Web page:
MONTGOMERY — Gov. Kay Ivey’s gas tax and infrastructure proposal could get to her desk Tuesday if it clears the Alabama Senate.
Senate leadership said there is a growing comfort level with the bill in the 35-member chamber. The bill would gradually raise the state’s tax on gasoline and diesel fuel by 10 cents a gallon over three years, with possible penny increases every other year after that, depending on inflation.
Revenue from the increase would pay for improving roads and bridges throughout the state. Alabama last raised its gas tax in 1992, and Ivey and other state leaders argue those collections long ago stopped keeping pace with infrastructure needs.
Senate President Pro Tem Del Marsh, R-Anniston, said he wasn’t aware of any proposed amendments that “have legs.”
“So, I think the bill will pass close to where we see it now,” Marsh said Monday.
If any changes are made Tuesday in the Senate, the bill would have to go back to the House, where it was approved easily on a 84-20 vote last week.
“I think what you saw in the (Finance and Energy Committee on Monday) was that the committee in general is very comfortable with where we are with the legislation,” Senate Majority Leader Greg Reed, R-Jasper, said. The bill received unanimous support in a voice vote Monday. The committee’s two Democratic members were not in attendance.
“That doesn’t mean when we get on the floor there’s not going to be vigorous debate about the topic,” Reed said.
The bill, which proponents say would generate about $320 million a year dedicated to infrastructure improvements, would increase the gas tax by 6 cents this year, 2 cents in 2020 and 2 cents in 2021.
Sen. Rodger Smitherman, D-Birmingham, said he would vote in favor of the bill as it is, and any changes made now would probably not be worth the struggle it would likely then face in the House.
“You will always come up with better ways in your mind to address some additional problems, but I think to alter this bill to the extreme would create a serious problem when it goes back to the House,” Smitherman said.
“So now you have to ask, are those changes worth it to then possibly kill the whole initiative? I don’t see this body willing to do that. I think there are other ways those issues can be addressed.”
Sen. Dan Roberts, R-Birmingham, said he had not decided on his vote yet.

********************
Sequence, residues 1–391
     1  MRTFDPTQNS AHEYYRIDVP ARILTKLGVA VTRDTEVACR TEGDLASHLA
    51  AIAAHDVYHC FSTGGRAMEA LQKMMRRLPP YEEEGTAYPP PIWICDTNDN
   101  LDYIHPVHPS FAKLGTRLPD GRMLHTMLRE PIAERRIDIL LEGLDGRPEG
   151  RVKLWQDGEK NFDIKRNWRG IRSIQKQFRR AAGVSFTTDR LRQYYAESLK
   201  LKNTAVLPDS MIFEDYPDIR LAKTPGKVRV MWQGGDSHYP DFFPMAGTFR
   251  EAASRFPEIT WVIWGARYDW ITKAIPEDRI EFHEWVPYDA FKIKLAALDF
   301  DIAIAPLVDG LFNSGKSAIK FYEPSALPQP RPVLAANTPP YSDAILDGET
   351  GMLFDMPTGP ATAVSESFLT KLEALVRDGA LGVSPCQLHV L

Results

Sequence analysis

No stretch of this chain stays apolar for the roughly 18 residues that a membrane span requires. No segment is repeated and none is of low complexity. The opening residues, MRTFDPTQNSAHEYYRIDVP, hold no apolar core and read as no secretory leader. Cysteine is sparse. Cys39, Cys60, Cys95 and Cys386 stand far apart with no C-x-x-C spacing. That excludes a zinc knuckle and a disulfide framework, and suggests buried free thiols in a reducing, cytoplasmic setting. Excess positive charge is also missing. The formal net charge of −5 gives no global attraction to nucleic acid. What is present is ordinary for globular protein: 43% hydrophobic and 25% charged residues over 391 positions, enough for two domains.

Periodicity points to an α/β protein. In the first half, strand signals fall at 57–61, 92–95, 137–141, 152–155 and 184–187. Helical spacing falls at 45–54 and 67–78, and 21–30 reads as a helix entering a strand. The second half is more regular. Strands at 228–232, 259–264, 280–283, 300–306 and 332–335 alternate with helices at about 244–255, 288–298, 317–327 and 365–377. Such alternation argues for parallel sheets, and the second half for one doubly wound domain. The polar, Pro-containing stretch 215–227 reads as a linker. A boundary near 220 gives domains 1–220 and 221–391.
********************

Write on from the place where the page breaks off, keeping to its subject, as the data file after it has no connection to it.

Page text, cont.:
”I’ve got some things that I think could improve it, but now it’s a question of when should I introduce it so that it is the most effective,” said Roberts, who is on the committee that approved the bill Monday.
Sen. Linda Coleman-Madison, D-Birmingham, said that she would be voting for the bill and that it is about time that infrastructure needs are addressed.
“It is definitely necessary at this particular point, if you look at our roads or bridges. That is one complaint I get whether it’s Republican or Democrats or whether it’s rural or urban areas, but particularly in urbanized areas, we are just fighting to get roads paved,” Coleman-Madison said. ”Birmingham alone put $5 million into just resurfacing their streets, but this bill allows the flexibility of cities working together with inner cities and working together with counties that would allow us to pull our funds together.
“Other than the fact that no one likes new taxes, we understand in state government that that’s what runs our cities and the whole state. People say you pay for what you get. In Alabama we always brag we have the lowest taxes, but we also have problems with our schools, with our infrastructure.”
Senate Minority Leader Bobby Singleton, D-Greensboro, said it’s a good bill, but he’s concerned about some possible amendments that could be offered today, including one to make the entire 10-cent increase effective this year.
“I have some issues with that,” Singleton said. “The agreement was a 6-2-2 and I’m OK with that. I just think that piling that on citizens right then would have a detrimental financial effect on a lot of families in this state.”
In 2023 and after, the tax could rise or fall 1 cent every two years, based on construction costs. That indexing of the tax gives some senators pause.
Sen. Larry Stutts, R-Tuscumbia, said last week the indexing is a deal breaker for him. As of Monday, Stutts, who represents portions of the Shoals and Lawrence County, hadn’t changed his mind.
The legislation puts a $200-a-year fee on electric vehicles and a $125-a-year fee on plug-in hybrid vehicles. Last year, there were 1,170 electric vehicles in the state, according to the Alabama Department of Revenue. Part of the fees would be dedicated to electric vehicle infrastructure around the state.
The bill dedicates about $11.7 million a year in gas tax revenue to improvements and expansions at the Port of Mobile. The state money would be used to match federal dollars.
Under House Bill 2, the gas tax increase bill, municipalities would receive an additional $26 million a year, bringing their total to $48.7 million. Counties would receive an additional $80 million a year, bringing their total to $256.4 million.
Mary Sell contributed to this report.